The Maple Leafs had a tumultuous season that included firing coach Mike Babcock in November and finished eighth in the East. But what makes them dangerous is their star talent on offense, led by 22-year-old American Auston Matthews, who finished third in the league with 47 goals. He, along with superstar center John Tavares and electric winger Mitch Marner, is a crucial part of a Toronto offense that finished third in the league in goals per game.
The Maple Leafs don’t play a lot of defense, and goaltender Frederik Andersen had a tough year, but if you like goals, Toronto is a good option.
Edmonton, as a team, probably isn’t that good, but it has two of the best forwards in the league with Leon Draisaitl and Connor McDavid, the top two scorers this season with 110 and 97 points, respectively. The rest of the team is painfully average at best, but they do have a pretty winnable matchup in the qualifying round against Chicago.
Washington features arguably one of the greatest goal scorers in league history in Alex Ovechkin, and the Capitals have basically been a perennial contender since he arrived in 2005. You might get some grief for hopping on the bandwagon now, not having endured the incredible amount of heartbreak the team suffered in the postseason before finally winning it all in 2018. But don’t let that prevent you from rooting for one of the most fun teams in the league.
If you just want a contender: Obviously, it’s going to be more fun rooting for a team that has a legitimate shot at winning it all. You might look like a bandwagon fan, but that’s the point of this.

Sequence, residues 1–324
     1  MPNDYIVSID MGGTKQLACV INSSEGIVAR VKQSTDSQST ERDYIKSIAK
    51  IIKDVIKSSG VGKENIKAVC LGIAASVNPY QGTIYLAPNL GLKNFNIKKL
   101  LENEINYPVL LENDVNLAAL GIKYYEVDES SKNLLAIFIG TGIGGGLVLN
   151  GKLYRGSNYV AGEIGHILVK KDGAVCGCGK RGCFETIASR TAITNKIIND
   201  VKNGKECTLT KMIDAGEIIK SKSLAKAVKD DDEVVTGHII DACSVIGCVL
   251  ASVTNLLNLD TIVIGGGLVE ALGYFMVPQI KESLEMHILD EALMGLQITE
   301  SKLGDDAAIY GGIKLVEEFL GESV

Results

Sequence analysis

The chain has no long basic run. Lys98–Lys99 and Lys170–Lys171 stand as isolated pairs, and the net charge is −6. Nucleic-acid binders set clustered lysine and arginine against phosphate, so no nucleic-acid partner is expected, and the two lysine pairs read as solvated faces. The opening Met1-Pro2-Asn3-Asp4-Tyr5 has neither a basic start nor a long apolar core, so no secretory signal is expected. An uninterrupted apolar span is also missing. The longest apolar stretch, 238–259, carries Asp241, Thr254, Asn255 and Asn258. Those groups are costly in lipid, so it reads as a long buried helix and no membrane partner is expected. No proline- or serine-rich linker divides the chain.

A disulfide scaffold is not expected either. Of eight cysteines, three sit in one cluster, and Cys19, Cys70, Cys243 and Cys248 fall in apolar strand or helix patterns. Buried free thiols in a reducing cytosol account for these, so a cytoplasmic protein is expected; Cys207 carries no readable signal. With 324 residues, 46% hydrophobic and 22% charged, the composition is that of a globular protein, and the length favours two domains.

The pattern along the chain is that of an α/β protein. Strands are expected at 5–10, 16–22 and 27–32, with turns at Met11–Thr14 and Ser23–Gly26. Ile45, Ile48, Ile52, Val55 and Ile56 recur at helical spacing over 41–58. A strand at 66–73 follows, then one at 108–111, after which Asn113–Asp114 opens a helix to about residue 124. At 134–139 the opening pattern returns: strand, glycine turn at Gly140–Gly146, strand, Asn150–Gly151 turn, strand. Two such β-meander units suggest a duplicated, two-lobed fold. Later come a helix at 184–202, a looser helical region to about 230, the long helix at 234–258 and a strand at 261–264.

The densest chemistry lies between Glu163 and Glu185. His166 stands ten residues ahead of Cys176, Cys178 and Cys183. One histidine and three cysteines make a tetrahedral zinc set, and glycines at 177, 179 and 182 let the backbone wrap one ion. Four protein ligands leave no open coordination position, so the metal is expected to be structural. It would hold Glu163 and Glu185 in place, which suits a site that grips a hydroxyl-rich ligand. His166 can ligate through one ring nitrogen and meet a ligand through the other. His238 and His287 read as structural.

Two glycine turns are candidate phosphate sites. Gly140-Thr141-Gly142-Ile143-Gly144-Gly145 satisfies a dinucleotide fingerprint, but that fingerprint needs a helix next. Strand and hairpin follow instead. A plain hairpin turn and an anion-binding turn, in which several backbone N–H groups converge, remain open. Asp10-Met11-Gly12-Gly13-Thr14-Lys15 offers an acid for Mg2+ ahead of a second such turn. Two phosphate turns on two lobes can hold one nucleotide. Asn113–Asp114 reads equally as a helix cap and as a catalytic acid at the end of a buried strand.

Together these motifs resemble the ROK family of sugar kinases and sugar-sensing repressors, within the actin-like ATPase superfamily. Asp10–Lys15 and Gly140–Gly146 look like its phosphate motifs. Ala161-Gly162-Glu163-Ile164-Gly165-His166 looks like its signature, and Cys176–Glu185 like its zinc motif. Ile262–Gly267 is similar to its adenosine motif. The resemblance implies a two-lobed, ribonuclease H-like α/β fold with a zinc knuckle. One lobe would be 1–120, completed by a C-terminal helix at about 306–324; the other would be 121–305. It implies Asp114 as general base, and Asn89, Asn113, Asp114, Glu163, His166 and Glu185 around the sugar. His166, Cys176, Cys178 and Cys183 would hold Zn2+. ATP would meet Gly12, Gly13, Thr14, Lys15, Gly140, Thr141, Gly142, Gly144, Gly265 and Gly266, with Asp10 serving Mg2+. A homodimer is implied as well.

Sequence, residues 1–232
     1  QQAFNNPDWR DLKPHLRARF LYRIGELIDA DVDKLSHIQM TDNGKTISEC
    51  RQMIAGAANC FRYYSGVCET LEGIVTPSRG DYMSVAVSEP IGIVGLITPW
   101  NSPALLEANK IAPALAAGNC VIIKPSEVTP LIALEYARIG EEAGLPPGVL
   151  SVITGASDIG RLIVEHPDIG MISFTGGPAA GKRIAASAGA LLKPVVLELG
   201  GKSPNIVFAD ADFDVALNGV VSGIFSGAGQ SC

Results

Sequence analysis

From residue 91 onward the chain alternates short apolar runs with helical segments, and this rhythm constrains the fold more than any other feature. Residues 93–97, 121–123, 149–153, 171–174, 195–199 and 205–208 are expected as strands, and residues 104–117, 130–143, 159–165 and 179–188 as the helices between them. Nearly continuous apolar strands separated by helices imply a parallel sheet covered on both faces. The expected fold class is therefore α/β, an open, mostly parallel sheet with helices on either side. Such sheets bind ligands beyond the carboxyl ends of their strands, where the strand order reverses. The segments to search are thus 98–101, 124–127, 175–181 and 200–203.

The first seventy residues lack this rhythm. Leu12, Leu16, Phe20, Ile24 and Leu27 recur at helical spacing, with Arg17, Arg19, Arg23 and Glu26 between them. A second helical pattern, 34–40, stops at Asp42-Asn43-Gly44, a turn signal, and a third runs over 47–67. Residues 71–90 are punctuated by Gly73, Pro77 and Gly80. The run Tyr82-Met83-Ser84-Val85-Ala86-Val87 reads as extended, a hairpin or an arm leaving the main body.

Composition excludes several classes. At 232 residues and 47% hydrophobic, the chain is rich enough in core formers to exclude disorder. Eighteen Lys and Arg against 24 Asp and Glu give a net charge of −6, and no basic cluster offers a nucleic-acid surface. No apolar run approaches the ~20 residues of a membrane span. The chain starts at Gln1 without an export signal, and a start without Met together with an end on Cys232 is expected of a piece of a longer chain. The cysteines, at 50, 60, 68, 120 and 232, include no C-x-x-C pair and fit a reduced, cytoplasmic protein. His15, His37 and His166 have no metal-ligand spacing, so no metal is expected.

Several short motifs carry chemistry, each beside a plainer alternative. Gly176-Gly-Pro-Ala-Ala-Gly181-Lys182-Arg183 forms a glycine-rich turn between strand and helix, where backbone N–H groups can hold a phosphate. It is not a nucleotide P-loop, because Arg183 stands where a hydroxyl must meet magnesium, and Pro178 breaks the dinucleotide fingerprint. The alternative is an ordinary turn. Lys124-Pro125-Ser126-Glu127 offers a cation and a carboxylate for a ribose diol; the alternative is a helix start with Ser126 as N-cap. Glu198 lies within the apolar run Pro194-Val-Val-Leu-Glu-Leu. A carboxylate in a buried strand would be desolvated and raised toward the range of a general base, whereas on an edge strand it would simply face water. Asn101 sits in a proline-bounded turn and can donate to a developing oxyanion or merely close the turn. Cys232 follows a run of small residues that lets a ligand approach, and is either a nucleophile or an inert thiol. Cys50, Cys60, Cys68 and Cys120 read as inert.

I would count any of the eight teams not in the qualifying round as serious contenders. I already went over Tampa Bay, but here are a few more suggestions.
The Boston Bruins were atop the league (44-14-12, 100 points) when play stopped, making them an attractive choice. They play solid team defense and have one of the league’s best two-way centers (Patrice Bergeron), scorers (David Pastrnak) and agitators (Brad Marchand). Also, goaltender Tuukka Rask is one of the best in the league.
Philadelphia went from missing the playoffs last season to Stanley Cup contender this year, and it’s a pretty likable team if you forget that they’re from Philly. Lethal scorer Claude Giroux and two-way center Sean Couturier are finally getting their due credit, and the Flyers have solid goaltending for the first time in years with young phenom Carter Hart between the pipes. Plus, I figure Gritty, the team’s mascot, will kill us all one day, and he’ll probably only spare Flyers fans.
The Vegas Golden Knights are the bandwagon team to end all bandwagon teams. The Knights are in just their third season, but they made it to the Stanley Cup Finals in their first season and won the Pacific Division for the second time this year. They’re a tough group that doesn’t have a true superstar (though forward Mark Stone is close) but have loads of depth across the board. Maybe this time they won’t blow a 3-1 series lead after being up 3-0 in the third period of Game 7.
Lastly, the Colorado Avalanche are the trendy pick to win the Western Conference and with good reason.
They are no longer underdogs after a surprise trip to the second round last season as a wild-card team. With dynamic center Nathan MacKinnon, Calder Trophy (given to the league’s best rookie) candidate Cale Makar and winger Mikko Rantanen—all of whom are under the age of 25—the Avalanche will be contenders for this year and beyond. Now is the perfect time to jump on the bandwagon.
Follow Brendan on Twitter @Bfarrell727 and contact him at [email protected].